Which of these models works the best? Is beta a good proxy for risk and is it correlated with expected returns? The answers to these questions have been debated widely in the last two decades. The first tests of the CAPM suggested that betas and returns were positively related, though other measures of risk (such as variance) continued to explain differences in actual returns. This discrepancy was attributed to limitations in the testing techniques. In 1977, Roll, in a seminal critique of the model's tests, suggested that since the market portfolio could never be observed, the CAPM could never be tested, and all tests of the CAPM were therefore joint tests of both the model and the market portfolio used in the tests. In other words, all that any test of the CAPM could show was that the model worked (or did not) given the proxy used for the market portfolio. It could therefore be argued that in any empirical test that claimed to reject the CAPM, the rejection could be of the proxy used for the market portfolio rather than of the model itself. Roll noted that there was no way to ever prove that the CAPM worked and thus no empirical basis for using the model.

Fama and French (1992) examined the relationship between betas and returns between 1963 and 1990 and concluded that there is no relationship. These results have been contested on three fronts. First, Amihud, Christensen, and Mendelson (1992), used the same data, performed different statistical tests and showed that differences in betas did, in fact, explain differences in returns during the time period. Second, Kothari and Shanken (1995) estimated betas using annual data, instead of the shorter intervals used in many tests, and concluded that betas do explain a significant proportion of the differences in returns across investments. Third, Chan and Lakonishok (1993) looked at a much longer time series of returns from 1926 to 1991 and found that the positive relationship between betas and returns broke down only in the period after 1982. They also find that betas are a useful guide to risk in extreme market conditions, with the riskiest firms (the

6 Weston and Copeland used both approaches to estimate the cost of equity for oil companies in 1989 and came up with 14.4% with the CAPM and 19.1% using the arbitrage pricing model.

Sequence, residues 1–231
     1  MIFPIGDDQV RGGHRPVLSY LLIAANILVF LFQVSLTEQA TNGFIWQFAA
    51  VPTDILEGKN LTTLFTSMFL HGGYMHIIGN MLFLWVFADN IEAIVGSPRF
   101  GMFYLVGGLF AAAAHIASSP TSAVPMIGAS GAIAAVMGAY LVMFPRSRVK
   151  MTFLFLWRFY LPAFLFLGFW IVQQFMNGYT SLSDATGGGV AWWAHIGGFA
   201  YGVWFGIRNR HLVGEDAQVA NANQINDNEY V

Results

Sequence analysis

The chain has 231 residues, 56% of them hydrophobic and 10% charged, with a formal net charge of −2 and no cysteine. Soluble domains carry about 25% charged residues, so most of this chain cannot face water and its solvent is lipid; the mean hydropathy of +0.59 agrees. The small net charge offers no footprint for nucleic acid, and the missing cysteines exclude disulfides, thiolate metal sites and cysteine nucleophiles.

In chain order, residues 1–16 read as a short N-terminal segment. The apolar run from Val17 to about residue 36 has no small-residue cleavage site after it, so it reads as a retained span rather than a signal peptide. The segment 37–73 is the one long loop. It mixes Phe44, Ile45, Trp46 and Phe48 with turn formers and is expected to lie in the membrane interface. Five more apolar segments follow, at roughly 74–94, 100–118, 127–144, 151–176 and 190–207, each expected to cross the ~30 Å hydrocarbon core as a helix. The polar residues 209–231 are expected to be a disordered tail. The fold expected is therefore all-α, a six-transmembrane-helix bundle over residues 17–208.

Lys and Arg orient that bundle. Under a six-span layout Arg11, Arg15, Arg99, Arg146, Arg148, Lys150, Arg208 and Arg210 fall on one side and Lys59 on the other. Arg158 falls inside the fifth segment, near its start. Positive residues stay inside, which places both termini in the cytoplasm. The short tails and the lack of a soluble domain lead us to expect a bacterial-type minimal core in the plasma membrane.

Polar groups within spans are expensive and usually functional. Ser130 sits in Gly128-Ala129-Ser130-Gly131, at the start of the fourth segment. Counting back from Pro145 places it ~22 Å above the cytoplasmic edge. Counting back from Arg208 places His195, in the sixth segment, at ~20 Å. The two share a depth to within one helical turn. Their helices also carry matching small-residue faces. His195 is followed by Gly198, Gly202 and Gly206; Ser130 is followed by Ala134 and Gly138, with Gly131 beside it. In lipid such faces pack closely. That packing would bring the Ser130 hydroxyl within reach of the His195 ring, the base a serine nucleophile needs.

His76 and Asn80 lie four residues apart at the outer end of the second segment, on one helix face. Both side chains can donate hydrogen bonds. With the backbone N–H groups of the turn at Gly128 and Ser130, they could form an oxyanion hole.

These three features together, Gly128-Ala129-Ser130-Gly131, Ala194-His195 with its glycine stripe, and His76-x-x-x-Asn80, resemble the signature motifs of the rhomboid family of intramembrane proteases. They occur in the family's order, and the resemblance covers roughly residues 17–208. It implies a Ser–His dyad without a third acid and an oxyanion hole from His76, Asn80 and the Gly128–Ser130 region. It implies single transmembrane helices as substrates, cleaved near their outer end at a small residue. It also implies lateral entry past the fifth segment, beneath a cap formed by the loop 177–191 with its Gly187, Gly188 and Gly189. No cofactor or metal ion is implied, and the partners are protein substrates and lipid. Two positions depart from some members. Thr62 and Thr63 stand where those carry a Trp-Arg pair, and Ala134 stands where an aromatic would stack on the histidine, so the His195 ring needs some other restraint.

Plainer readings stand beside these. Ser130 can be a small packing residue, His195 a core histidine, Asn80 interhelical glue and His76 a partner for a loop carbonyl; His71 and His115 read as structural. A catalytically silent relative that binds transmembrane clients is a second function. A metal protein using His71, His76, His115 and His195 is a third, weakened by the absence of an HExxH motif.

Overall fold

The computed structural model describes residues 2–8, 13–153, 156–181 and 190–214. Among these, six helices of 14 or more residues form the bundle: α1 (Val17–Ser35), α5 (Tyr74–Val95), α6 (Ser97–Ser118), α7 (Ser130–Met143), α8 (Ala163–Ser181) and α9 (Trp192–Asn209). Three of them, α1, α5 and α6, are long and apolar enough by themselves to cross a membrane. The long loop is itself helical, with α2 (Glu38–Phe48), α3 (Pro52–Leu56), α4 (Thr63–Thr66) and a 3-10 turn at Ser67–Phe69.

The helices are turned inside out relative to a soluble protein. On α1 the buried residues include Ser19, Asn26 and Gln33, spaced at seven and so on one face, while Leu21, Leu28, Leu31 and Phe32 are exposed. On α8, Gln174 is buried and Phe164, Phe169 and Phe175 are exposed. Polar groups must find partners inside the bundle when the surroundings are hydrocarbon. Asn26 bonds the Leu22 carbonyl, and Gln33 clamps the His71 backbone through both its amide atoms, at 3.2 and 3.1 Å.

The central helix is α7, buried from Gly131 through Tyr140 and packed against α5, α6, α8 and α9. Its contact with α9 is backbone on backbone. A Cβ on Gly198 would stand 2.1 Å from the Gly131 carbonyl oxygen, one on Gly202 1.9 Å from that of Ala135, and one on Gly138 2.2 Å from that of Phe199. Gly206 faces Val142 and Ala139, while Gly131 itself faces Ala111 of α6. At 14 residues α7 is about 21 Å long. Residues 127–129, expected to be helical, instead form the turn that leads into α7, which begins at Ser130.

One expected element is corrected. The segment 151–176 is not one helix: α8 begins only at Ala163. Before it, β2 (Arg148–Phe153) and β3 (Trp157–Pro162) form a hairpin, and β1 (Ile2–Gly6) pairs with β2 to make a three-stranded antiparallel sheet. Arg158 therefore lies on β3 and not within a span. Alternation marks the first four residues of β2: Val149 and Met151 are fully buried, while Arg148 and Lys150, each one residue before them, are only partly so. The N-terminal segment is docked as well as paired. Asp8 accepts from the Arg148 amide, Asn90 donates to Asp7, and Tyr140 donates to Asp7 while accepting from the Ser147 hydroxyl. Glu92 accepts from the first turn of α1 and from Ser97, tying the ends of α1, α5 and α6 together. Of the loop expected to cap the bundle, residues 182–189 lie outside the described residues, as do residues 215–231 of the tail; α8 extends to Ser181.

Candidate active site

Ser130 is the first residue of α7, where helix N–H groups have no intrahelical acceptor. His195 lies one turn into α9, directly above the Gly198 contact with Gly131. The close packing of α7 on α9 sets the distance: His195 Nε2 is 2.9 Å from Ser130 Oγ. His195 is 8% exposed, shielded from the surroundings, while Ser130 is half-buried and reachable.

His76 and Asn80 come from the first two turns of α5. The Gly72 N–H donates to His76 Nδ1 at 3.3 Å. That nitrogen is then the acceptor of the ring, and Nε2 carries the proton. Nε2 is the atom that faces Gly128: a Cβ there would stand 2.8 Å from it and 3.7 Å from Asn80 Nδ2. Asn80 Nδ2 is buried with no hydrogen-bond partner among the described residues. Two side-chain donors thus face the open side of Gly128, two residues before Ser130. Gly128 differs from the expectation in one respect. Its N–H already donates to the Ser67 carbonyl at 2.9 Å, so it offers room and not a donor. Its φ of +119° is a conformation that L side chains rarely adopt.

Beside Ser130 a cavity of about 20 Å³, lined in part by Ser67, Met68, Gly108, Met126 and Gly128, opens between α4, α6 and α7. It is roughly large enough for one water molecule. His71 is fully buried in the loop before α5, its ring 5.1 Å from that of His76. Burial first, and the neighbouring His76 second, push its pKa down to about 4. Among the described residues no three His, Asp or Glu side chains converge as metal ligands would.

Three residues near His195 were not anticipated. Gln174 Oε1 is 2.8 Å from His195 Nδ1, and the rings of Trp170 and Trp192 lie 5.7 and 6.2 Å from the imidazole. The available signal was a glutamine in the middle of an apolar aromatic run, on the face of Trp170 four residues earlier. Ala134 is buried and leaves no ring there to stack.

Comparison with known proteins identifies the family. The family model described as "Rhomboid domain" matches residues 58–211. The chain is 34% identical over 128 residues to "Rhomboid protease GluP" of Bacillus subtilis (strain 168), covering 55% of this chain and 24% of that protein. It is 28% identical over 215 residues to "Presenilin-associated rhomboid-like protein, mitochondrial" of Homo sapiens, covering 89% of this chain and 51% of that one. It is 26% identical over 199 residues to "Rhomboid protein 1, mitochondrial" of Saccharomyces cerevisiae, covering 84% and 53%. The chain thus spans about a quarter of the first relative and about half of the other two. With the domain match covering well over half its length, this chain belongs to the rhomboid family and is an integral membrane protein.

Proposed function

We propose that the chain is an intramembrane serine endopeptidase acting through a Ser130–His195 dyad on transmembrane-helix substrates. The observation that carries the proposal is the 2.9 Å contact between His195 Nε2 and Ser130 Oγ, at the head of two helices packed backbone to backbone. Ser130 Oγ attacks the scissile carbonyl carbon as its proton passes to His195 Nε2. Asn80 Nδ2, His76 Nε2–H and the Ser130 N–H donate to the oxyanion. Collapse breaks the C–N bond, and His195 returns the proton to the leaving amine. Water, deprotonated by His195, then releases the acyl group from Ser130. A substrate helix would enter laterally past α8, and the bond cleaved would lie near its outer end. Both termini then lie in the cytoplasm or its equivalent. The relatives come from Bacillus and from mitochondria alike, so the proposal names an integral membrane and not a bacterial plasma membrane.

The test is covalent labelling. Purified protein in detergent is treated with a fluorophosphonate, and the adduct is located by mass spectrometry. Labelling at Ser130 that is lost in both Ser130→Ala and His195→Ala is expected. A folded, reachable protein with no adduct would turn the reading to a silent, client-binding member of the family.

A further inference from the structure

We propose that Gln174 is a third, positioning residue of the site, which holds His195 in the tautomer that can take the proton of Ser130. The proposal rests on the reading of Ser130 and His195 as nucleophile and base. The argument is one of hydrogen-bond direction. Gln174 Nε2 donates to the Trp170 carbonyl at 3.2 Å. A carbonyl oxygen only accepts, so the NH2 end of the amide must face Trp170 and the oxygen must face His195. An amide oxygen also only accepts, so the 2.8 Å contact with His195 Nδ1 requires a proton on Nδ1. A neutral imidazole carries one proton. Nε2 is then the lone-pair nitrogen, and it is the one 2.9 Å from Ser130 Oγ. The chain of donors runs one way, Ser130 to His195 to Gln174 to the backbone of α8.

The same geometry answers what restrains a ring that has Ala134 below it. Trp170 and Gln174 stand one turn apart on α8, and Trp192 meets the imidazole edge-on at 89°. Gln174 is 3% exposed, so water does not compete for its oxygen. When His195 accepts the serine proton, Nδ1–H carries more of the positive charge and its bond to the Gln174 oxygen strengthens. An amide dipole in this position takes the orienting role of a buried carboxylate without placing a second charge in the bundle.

10% with highest betas) performing far worse than the market as a whole, in the ten worst months for the market between 1926 and 1991 (See Figure 4.6).

Figure 4.6: Returns and Betas: Ten Worst Months between 1926 and 1991

Figure 4.6: Returns and Betas: Ten Worst Months between 1926 and 1991

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Source: Chan and Lakonishok

While the initial tests of the APM suggested that they might provide more promise in terms of explaining differences in returns, a distinction has to be drawn between the use of these models to explain differences in past returns and their use to predict expected returns in the future. The competitors to the CAPM clearly do a much better job at explaining past returns since they do not constrain themselves to one factor, as the CAPM does. This extension to multiple factors does become more of a problem when we try to project expected returns into the future, since the betas and premiums of each of these factors now have to be estimated. Because the factor premiums and betas are themselves volatile, the estimation error may eliminate the benefits that could be gained by moving from the CAPM to more complex models. The regression models that were offered as an alternative also have an estimation problem, since the variables that work best as proxies for market risk in one period (such as market capitalization) may not be the ones that work in the next period.

Ultimately, the survival of the capital asset pricing model as the default model for risk in real world applications is a testament to both its intuitive appeal and the failure of more complex models to deliver significant improvement in terms of estimating expected returns. We would argue that a judicious use of the capital asset pricing model, without an over reliance on historical data, is still the most effective way of dealing with risk in modern corporate finance.